On EqualitySubmitted by dwalters on Sun, 01/05/2014 - 13:51
Equality - in the political sense - is not a well understood concept. Over the course of history, those in power have sought to convince others that they have been ordained to rule by a higher power. For instance, rulers would often use parlor tricks to demonstrate a supposed supernatural ability. However, we now know that no human actually has such abilities. All men are equal before the laws of nature.
Beginning in the late 17th Century, Isaac Newton put forth concepts that could be used to explain these mysteries. The Newtonian revolution began to make it clear to humanity that such things as divine right were, in fact, non-existent. It is no surprise that John Locke - the father of Classic Liberalism - was good friends with Newton.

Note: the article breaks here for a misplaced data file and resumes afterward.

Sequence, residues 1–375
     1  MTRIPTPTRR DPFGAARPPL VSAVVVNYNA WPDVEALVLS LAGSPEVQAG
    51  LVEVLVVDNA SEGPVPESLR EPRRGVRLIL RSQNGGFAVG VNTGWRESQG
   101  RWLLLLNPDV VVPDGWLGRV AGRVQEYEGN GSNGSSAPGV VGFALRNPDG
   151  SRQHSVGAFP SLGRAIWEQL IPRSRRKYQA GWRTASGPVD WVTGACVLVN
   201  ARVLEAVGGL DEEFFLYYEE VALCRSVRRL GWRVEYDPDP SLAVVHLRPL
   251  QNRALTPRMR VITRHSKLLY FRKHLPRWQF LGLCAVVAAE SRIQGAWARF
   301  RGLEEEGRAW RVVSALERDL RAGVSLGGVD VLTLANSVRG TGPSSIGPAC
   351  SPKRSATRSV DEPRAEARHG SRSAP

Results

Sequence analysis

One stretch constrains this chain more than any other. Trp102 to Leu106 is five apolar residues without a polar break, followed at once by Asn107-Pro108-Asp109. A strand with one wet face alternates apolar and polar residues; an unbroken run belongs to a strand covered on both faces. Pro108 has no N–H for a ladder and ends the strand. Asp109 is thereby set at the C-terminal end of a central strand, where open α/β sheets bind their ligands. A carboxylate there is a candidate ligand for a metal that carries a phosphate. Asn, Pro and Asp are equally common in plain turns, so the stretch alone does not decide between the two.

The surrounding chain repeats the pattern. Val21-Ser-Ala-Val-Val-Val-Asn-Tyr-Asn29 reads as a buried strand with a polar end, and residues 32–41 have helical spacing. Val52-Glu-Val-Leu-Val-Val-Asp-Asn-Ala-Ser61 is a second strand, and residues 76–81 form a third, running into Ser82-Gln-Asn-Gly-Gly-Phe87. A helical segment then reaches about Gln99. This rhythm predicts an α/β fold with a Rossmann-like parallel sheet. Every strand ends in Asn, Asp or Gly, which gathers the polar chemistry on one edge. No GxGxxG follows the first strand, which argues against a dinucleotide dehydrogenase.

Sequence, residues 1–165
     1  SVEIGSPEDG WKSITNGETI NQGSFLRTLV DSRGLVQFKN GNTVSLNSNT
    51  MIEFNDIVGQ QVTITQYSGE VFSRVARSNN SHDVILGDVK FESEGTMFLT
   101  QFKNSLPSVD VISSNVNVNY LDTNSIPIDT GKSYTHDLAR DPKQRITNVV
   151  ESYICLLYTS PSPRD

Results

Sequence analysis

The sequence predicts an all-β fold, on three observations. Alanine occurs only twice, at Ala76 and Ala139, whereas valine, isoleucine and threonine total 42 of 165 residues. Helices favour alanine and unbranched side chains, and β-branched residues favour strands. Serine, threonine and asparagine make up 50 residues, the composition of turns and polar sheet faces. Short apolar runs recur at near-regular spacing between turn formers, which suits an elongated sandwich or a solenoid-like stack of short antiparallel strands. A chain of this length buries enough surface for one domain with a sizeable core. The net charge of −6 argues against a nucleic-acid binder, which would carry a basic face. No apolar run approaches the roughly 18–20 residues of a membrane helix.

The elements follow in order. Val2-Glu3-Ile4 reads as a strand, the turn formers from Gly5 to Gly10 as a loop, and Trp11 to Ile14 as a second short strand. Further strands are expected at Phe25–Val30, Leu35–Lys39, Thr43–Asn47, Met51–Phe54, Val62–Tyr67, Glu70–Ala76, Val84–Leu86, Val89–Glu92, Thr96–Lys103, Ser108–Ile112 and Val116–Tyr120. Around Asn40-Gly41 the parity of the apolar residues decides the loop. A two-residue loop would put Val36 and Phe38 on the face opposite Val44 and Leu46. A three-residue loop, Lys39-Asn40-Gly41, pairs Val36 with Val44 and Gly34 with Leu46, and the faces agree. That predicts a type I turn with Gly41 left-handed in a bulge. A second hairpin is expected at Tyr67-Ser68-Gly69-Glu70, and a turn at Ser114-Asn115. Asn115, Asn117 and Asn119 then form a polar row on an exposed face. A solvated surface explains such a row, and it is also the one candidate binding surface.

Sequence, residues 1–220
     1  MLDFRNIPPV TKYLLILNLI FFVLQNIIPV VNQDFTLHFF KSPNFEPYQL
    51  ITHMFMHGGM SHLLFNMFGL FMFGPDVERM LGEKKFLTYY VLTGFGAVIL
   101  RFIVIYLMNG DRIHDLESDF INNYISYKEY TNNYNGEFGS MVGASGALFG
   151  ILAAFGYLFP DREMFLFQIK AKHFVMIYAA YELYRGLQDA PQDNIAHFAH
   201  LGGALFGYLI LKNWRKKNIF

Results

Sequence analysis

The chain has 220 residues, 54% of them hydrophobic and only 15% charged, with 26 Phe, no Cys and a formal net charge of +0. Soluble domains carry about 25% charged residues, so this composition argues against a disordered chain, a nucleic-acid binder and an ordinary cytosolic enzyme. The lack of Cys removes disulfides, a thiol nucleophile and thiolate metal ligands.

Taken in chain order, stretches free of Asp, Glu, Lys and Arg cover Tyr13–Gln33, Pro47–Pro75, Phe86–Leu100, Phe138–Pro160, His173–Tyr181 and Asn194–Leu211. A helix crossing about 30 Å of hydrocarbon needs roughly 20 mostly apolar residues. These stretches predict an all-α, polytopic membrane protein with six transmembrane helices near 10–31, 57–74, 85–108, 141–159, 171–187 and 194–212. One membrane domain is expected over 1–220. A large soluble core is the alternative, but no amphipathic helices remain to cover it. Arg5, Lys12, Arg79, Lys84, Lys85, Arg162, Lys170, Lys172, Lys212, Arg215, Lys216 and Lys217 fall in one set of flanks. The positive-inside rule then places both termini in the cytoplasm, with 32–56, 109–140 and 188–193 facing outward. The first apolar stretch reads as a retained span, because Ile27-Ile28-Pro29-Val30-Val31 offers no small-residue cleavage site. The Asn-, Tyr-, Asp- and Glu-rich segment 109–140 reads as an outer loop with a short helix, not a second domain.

Soon, the concept of equality flourished - that is, no man naturally occupies an elevated status above the rest. They breathe the same; they bleed the same; they crap the same; if they walk off of a cliff, they fall at the same rate as a beggar.
This understanding lead the founders to realize - more so Thomas Paine than the others - that no man properly has the right to another man's life or the fruits of his labor. Accordingly, no group of men do either. It makes no difference whether the group is composed of 10 or 100,000,000 people, they cannot rightfully gang up on a man and strip him of his property for the sake of another. In other words, trying to impose "equality of results" requires theft and is far from the traditional concept of political equality.
Had the founders taken the concept of equality to its logical conclusion, they would have never established a government in America. After all, if the founders did not have the right to gang up on and rob others, how can another group of people - sanctioned by a document they wrote - have a right that they themselves did not possess?
The concept of a ruling elite is the antithesis of equality, and dictation by majority doesn't overcome this reality.